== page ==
Wednesday, December 10, 2008


SNIFFING IT OUT: The publication of Anthony Sommer’s book KPD Blue has lifted the veil on racial bias if not systemic racism in Kaua`i county government.

But arguments over the role that race has in hiring and the daily provision of services in not just the police department but all county departments has almost overshadowed also pervasive gender bias.

A recently filed lawsuit has refocused attention in what appears to be not just a blatant case of gender bias but the lackadaisical response by the county to the complaints which led to the lawsuit being filed.

Bus driver Kathleen M. Ah Quin is suing the Kaua`i Department of Transpiration- specifically Executive on Transportation Janine Rapozo- for what appears to be a pervasive hostile atmosphere in the agency toward women.

Just as appalling as the actual discrimination is the fact the lawsuit was filed only because a year went by after Ah Quin’s filing of Hawai`i Civil Rights Commission (HCRC) and Equal Employment Opportunity Commission (EEOC) complaints without any attempt by the county to respond or even attempt to investigate the charges.

At a special council meeting called at the end of November the County Attorney at the time Matthew Pyun asked the council for $50,000 to hire an outside attorney to respond to the suit.

And outgoing councilpersons Shaylene Iseri Carvalho and Mel Rapozo (no relation) were livid.

“You’ve got to read this” shrieked Iseri waving a copy of the suit over her head. “The County Attorney’s office has not engaged in any investigation (for a year) and now wants to hire an investigator” when there’s only 20 days to respond.

She told the council that she would not use taxpayer money without a commitment to investigate complaints when they are filed, saying she was “disgusted” and how the situation was “typical of the wasteful spending” of the administration and specifically the county attorney’s office.

She also questioned why it would cost $50,000 to respond since the first 20 day response is really a pro-forma type of thing that should rightfully be done “in-house” before hiring an outside attorney if it becomes necessary to defend the suit.

Councilmember Rapozo- who with Iseri voted against the approval of the funds even after the request was amended to $20,000- described how no one with the county ever spoke to any of the employees names in the suit or investigated any of the incidents.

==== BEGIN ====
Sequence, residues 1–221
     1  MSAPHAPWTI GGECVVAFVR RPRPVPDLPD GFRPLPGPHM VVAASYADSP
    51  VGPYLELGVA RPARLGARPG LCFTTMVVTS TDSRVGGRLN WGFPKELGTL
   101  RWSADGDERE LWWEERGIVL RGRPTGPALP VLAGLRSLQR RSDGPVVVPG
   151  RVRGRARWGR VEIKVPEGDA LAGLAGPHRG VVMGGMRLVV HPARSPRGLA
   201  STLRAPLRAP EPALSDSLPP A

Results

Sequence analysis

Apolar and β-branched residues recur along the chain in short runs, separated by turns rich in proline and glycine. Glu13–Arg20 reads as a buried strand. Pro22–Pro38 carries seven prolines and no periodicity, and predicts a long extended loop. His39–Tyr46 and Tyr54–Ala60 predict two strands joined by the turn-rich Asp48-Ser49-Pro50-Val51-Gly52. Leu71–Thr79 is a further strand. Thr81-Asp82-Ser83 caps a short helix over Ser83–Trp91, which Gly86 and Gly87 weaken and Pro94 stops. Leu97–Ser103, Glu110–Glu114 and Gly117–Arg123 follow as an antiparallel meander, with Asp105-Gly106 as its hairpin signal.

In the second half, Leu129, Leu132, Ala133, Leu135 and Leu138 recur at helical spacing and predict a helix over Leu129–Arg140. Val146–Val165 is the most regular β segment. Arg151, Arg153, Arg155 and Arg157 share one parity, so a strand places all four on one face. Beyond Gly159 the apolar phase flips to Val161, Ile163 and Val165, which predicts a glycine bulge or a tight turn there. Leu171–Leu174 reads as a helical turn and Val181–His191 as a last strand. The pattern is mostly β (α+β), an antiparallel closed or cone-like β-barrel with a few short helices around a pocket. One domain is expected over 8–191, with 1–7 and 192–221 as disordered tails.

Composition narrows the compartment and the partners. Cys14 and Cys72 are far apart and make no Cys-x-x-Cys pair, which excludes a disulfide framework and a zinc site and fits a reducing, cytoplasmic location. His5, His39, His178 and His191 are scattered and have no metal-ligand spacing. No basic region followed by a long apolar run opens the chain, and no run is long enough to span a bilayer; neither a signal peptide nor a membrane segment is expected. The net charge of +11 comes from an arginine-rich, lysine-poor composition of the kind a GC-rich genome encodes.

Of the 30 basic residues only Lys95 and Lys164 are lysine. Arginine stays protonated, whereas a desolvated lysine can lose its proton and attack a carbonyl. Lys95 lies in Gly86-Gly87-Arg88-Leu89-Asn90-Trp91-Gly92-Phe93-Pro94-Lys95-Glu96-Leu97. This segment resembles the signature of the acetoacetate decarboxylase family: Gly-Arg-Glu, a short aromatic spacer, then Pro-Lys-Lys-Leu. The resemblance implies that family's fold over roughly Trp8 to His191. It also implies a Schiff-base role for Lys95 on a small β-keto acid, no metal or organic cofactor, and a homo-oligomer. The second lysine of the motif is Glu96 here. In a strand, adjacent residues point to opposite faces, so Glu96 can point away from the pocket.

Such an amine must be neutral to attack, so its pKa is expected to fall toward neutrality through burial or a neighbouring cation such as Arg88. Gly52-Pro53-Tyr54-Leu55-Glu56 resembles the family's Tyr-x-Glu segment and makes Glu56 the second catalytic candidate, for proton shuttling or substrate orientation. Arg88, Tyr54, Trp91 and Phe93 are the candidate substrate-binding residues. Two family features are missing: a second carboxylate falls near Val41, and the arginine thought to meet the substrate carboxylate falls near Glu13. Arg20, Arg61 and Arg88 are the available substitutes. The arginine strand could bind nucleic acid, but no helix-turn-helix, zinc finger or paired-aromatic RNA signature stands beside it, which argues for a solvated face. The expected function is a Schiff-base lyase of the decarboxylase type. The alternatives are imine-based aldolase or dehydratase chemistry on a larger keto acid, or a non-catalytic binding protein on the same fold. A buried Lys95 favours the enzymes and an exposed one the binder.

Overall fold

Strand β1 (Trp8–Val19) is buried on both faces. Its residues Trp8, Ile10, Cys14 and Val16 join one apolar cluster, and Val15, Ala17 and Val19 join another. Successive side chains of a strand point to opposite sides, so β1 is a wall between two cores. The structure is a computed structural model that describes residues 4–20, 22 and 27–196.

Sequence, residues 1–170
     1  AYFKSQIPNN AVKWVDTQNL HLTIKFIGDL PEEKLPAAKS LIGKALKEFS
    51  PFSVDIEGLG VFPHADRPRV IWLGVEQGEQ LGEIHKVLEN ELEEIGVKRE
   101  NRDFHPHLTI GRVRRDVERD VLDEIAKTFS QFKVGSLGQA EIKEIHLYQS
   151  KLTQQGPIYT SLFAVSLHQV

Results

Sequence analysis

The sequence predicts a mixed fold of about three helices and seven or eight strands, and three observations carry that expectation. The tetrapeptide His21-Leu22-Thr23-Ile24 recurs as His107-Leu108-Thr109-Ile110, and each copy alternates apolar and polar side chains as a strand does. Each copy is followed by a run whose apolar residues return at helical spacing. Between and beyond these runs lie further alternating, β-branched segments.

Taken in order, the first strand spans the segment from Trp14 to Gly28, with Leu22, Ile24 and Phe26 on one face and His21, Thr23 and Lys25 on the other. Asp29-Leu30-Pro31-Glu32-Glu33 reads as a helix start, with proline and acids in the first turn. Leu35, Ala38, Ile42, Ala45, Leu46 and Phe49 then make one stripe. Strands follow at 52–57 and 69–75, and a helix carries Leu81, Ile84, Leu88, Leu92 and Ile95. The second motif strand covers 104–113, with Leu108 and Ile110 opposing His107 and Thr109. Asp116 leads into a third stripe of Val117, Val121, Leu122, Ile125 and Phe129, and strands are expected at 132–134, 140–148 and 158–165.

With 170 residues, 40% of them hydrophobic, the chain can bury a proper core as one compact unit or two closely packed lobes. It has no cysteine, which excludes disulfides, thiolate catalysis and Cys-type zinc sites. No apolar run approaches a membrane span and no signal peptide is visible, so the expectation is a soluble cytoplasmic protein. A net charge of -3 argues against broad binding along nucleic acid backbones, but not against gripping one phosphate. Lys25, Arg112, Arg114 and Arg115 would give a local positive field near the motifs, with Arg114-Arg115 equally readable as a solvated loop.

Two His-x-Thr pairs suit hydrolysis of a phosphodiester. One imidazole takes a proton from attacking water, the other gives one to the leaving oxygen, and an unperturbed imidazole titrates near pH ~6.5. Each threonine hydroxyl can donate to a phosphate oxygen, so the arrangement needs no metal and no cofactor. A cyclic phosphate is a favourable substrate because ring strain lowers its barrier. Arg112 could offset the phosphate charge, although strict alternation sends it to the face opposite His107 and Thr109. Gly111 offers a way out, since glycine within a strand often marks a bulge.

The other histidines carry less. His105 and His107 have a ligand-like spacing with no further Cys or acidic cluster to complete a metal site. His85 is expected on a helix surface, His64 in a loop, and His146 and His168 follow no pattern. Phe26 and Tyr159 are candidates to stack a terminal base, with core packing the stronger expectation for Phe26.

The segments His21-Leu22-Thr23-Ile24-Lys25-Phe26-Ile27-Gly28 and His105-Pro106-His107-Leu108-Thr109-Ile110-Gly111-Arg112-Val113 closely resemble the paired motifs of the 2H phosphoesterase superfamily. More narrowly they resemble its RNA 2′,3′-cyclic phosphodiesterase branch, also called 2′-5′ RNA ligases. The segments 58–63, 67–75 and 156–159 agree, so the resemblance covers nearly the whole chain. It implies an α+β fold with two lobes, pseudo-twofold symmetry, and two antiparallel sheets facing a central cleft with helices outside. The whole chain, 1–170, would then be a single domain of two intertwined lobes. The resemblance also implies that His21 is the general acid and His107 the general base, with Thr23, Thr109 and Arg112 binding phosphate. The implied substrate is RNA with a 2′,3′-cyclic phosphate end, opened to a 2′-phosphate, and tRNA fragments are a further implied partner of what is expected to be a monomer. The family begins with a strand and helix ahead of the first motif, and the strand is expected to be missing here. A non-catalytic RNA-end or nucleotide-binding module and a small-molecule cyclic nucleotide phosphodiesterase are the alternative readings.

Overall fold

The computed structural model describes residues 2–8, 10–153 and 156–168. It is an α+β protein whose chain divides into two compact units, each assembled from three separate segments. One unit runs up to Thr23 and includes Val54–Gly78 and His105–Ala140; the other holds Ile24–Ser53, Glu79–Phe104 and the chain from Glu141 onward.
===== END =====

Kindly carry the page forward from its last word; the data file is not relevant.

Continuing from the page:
The complaint itself depicts a transportation agency where females were routinely passed over for full time jobs because, as Ah Quin was told by another named female employee, Janine Rapozo “doesn’t like females” after Rapozo had ordered the employee to “keep her door closed” when she was working as a dispatcher because male drivers would stop by to talk to her.

That employee wasn’t the only one to warn Ah Quin. According to the suit another named female bus driver also told her to watch out for Rapozo because “likes her males, she does not like females”.

There are only three female employees in the agency and 17 males according to the suit.

Despite 11 years of experience and her more than adequate licensing it seems Ah Quin couldn’t get promoted to a full time position while men were given the jobs when they opened up.

The suit describes many incidents where despite the fact that her qualification surpassed theirs, Rapozo hired or promoted men to full time positions passing up Ah Quin and other women.

It also tells how on occasion drivers were brought in from outside the department and even county government itself to fill the full time positions in violation of standard county personnel department policy.

Ah Quin goes on to list eight males who were promoted over her as well as other incidents and examples of Rapozo’s gender bias.

When Ah Quin began to question why, despite a gleaming job performance evaluation she was passed up for promotion Rapozo started to engage in a program of retaliation, according to the suit by cutting Ah Quin’s hours.

Incidents described include one where passenger complaints was treated differently when filed against male drivers and another of a reprimand of Ah Quin for wearing her uniform shirt from another part time driving job while male employees similarly attired went unchallenged.

Ah Quin says she finally asked Rapozo “why don’t you like me. You never did like me. You keep ignoring me. You ignore me in the office. I keep asking myself what did I do to you? I know you don’t like me”.

Rapozo allegedly replied “because I have had problems with every female driver that has been hired.”

The suit also lists incidents where other named female drivers were harassed in a similar manner as well as misrepresentations by Rapozo as the fact that there was "no money in the budget” for expanding hours – a statement followed immediately by ads in the newspaper soliciting new drivers.

In another, Rapozo scolded Ah Quin for not picking up a person who was sitting in a wheelchair in front of the gift shop at Wilcox hospital which was not a designated bus stop, telling her she should have stopped the bus, gotten out and asked the person if they wanted to board the bus.

Ah Quin responded that there are persons in wheel chairs all over the place all the time around the hospital and that she was never told to stop, get out and ask each one if they needed the bus.

Rapozo has been a long-time, loyal, appointed crony in the past two administrations and has been shifted around various jobs before landing in the transportation agency overseeing the Kaua`i Bus.

To no one’s surprise she was retained in her position by Mayor Bernard Carvalho when he took office this month without any investigation of the complaints or lawsuit.

The lawsuit- Kathleen M. Ah Quin vs. County of Kaua`i Department of Transportation et. al.- was filed November 10 in Federal District Court, Civil # C V 080057 and demands a jury trial.

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